Eastern Region

Hofn showing general coastal views, mountains and mist or fog
Hike through the reserves and parks of snowy highlands overlooking lagoons on the opposite side of the country from the capital.

East Iceland is an immense area comprising several towns and a national park with a glacier and many picturesque rock formations. Its largest municipality is Egilsstaðir which is home to more than 2,000 inhabitants. Travel around the region to take in the charm of the many lagoons, islands and fishing villages.

For a comprehensive understanding of the geology and history of the area, visit the many museums of its second largest town, Höfn. Inspect the intriguing displays at the Höfn Glacier Museum to learn about the Vatnajokull Glacier that rises above the town. Visit Huldusteinn to see an array of precious rocks from East Iceland and stroll through Hornafjörður Art Museum for its collection of landscape paintings.

Explore the East Fjords region, a spectacular terrain carved apart by Ice Age glaciers. Visit the various quaint villages enclosed by mountains and bodies of water. Note the charming wooden cottages and old-world feel. Hiking and kayaking are among the popular activities here.

Enjoy the views of the snow-capped highlands, such as Snaefell Mountain, that are a predominant feature of East Iceland.

Visit the farmstead of Skriðuklaustur, a museum dedicated to its former inhabitant and author, Gunnar Gunnarsson. Its café serves many local delights. Try the culinary specialties of the region at the many restaurants with extensive views over rolling green hills. Seafood dishes are popular on the coast, as is a type of almond cake dessert.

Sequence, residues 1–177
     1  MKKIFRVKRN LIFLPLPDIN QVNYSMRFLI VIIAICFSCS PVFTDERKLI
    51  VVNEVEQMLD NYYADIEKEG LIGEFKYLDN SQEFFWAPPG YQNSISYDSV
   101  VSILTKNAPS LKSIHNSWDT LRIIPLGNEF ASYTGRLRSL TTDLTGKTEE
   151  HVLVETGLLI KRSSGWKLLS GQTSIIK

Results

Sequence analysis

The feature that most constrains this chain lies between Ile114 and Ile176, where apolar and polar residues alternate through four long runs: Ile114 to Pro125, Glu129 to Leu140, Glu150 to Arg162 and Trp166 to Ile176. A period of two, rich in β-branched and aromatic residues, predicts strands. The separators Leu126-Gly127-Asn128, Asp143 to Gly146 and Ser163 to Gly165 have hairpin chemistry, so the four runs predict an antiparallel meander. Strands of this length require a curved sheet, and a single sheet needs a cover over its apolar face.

The climate differs dramatically across this vast section of land due to varying altitudes and proximity to the coast. In general, expect warm summers and cold winters with snow. Höfn is among the driest parts of the country.

The region takes up a vast land area of 8,772 square miles (22,721 square kilometers) on the eastern portion of the country. Several domestic flights bring passengers to East Iceland from the capital city of Reykjavik. To reach the area from mainland Europe, take a passenger ferry to Seydisfjordur Harbour from Hirtshals in Denmark.

East Iceland is at times flamboyant with its white mountains and stunning terrain, but also retains a subtle charm away from the urban culture of Reykjavik.